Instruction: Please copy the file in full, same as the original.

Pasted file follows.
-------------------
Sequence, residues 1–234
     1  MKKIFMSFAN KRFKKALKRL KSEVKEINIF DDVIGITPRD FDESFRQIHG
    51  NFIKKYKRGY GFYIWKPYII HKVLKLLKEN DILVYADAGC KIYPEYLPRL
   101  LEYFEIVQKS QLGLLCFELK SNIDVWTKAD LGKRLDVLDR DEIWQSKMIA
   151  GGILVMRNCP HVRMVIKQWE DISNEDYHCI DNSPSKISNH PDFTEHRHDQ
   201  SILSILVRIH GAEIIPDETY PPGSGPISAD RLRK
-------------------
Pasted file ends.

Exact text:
Sequence, residues 1–234
     1  MKKIFMSFAN KRFKKALKRL KSEVKEINIF DDVIGITPRD FDESFRQIHG
    51  NFIKKYKRGY GFYIWKPYII HKVLKLLKEN DILVYADAGC KIYPEYLPRL
   101  LEYFEIVQKS QLGLLCFELK SNIDVWTKAD LGKRLDVLDR DEIWQSKMIA
   151  GGILVMRNCP HVRMVIKQWE DISNEDYHCI DNSPSKISNH PDFTEHRHDQ
   201  SILSILVRIH GAEIIPDETY PPGSGPISAD RLRK